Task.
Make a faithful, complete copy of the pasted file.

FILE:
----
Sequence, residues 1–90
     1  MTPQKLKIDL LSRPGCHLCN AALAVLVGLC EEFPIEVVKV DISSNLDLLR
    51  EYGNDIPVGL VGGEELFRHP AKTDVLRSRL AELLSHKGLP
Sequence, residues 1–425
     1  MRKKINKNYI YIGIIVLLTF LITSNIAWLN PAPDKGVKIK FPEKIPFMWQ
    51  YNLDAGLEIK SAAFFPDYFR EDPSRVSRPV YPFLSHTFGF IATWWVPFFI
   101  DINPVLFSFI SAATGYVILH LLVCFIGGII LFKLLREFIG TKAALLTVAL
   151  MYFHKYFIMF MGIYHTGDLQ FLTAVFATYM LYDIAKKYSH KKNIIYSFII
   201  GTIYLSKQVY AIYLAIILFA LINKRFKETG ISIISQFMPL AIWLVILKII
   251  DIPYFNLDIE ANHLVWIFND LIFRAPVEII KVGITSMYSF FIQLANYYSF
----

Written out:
Sequence, residues 1–90
     1  MTPQKLKIDL LSRPGCHLCN AALAVLVGLC EEFPIEVVKV DISSNLDLLR
    51  EYGNDIPVGL VGGEELFRHP AKTDVLRSRL AELLSHKGLP
Sequence, residues 1–425
     1  MRKKINKNYI YIGIIVLLTF LITSNIAWLN PAPDKGVKIK FPEKIPFMWQ
    51  YNLDAGLEIK SAAFFPDYFR EDPSRVSRPV YPFLSHTFGF IATWWVPFFI
   101  DINPVLFSFI SAATGYVILH LLVCFIGGII LFKLLREFIG TKAALLTVAL
   151  MYFHKYFIMF MGIYHTGDLQ FLTAVFATYM LYDIAKKYSH KKNIIYSFII
   201  GTIYLSKQVY AIYLAIILFA LINKRFKETG ISIISQFMPL AIWLVILKII
   251  DIPYFNLDIE ANHLVWIFND LIFRAPVEII KVGITSMYSF FIQLANYYSF